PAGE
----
While 2009 certainly was not "the year of the cloud" as some might have you believe, it was definitely the year that "the cloud" became a viable target for development. Amazon Web Services has silently become a real force in the cloud, and Azure, Engine Yard, and other entries into the cloud space have provided a lot of choice. While the very real issues of trust, security, and latency are still out there, I feel that the comfort level is quickly rising. I think that development shops are learning that certain applications lend themselves quite well to the cloud paradigm and others do not; more and more shops are seriously considering cloud computing when it makes sense.

The economy

The big issue on far too many people's radar is the economy. At the beginning of the year, an awful lot of folks I knew lost their jobs. Some of them bounced back quickly, some not so quickly. My general take on things is that the bloodletting has ceased, but that it will take quite some time for things to truly get back to "normal" (whatever that is). I truly hope that all of the folks out there who have been affected by the bad times are able to get back on their feet without too much damage.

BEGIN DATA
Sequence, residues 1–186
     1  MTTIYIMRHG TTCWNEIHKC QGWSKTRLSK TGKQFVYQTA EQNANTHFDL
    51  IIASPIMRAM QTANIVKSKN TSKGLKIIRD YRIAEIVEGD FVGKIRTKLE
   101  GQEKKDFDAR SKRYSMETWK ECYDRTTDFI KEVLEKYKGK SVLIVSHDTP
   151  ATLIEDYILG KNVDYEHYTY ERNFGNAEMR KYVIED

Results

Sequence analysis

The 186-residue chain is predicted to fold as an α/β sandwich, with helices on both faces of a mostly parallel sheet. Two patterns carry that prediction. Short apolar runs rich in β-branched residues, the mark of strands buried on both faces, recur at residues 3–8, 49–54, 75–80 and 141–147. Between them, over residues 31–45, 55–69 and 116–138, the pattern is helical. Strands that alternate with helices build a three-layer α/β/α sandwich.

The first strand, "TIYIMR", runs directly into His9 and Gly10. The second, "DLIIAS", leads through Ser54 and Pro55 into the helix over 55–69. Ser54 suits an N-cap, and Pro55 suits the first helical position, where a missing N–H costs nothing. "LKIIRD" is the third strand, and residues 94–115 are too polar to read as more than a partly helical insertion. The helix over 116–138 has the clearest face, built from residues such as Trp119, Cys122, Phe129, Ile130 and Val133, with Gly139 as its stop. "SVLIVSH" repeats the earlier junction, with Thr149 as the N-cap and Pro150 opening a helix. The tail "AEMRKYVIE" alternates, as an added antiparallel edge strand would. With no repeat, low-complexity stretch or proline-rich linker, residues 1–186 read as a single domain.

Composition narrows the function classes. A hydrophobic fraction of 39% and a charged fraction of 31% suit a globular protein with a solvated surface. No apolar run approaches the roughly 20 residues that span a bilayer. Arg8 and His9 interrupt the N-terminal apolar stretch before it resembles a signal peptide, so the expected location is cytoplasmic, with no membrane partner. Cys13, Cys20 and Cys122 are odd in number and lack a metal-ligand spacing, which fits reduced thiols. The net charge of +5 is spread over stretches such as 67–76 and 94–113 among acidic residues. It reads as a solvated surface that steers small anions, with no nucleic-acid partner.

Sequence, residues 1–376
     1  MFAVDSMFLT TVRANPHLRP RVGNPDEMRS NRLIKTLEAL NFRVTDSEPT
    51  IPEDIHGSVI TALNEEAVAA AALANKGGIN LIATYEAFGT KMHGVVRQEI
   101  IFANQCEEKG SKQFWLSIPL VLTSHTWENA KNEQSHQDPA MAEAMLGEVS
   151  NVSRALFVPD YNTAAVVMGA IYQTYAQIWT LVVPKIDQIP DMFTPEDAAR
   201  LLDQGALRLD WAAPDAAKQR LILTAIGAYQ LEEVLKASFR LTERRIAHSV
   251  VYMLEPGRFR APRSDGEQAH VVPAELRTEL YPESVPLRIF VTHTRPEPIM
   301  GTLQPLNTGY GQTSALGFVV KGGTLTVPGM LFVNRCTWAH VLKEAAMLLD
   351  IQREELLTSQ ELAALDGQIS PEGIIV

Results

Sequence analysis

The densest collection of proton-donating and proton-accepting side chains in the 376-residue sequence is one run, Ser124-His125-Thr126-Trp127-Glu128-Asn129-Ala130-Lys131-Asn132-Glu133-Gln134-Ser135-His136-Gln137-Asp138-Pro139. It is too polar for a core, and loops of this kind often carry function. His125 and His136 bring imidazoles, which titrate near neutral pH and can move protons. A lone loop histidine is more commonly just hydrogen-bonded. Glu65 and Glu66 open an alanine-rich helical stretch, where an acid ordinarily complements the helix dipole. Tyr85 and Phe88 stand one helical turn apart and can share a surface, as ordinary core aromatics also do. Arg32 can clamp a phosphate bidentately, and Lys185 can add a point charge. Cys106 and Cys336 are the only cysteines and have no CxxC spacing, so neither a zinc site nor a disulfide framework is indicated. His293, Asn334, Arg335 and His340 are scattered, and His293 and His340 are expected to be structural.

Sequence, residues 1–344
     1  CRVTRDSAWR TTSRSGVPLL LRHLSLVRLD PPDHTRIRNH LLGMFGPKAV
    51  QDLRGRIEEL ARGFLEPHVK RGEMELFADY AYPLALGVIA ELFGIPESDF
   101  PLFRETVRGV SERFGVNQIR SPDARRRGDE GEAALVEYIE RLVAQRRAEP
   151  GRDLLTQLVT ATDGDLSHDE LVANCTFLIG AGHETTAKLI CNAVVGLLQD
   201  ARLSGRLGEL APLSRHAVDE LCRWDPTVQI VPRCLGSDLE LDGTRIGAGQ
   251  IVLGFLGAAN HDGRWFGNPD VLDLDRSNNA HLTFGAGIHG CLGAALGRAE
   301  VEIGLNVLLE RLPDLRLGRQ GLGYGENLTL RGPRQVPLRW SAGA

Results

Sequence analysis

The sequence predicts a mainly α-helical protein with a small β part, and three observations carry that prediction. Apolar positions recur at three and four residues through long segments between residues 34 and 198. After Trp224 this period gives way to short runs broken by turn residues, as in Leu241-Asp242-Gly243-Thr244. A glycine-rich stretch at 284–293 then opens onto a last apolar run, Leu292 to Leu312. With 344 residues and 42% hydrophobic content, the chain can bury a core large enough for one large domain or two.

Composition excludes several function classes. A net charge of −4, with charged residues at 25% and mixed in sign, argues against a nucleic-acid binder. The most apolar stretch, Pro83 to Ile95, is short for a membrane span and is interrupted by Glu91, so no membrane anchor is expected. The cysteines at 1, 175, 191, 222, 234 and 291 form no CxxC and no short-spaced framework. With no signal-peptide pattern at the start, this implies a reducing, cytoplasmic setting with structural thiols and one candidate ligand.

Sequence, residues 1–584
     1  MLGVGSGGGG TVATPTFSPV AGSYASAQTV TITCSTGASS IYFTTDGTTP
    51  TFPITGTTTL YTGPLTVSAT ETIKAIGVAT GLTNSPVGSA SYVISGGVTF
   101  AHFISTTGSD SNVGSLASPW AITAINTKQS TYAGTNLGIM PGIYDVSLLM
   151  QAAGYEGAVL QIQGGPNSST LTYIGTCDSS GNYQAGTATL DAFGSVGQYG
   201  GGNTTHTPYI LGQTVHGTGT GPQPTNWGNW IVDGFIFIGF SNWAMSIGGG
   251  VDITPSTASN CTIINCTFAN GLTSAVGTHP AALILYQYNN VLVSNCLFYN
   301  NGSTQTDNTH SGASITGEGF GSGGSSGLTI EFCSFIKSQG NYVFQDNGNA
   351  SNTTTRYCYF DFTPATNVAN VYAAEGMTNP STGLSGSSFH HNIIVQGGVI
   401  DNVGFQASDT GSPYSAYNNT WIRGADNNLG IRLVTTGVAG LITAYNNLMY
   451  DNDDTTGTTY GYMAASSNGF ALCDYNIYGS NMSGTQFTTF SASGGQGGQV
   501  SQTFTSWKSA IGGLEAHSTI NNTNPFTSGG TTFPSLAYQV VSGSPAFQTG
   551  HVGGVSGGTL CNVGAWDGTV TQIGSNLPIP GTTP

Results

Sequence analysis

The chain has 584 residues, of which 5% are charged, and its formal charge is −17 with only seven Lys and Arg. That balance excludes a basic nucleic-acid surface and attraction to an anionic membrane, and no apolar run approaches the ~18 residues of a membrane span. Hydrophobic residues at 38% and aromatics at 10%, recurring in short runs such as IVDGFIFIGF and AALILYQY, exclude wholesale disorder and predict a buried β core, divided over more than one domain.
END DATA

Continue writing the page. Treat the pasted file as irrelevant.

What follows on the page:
And that's it for me. I can't wait to see you guys in 2010!


Disclosure of Justin's industry affiliations: Justin James has a contract with Spiceworks to write product buying guides; he has a contract with OpenAmplify, which is owned by Hapax, to write a series of blogs, tutorials, and articles; and he has a contract with OutSystems to write articles, sample code, etc.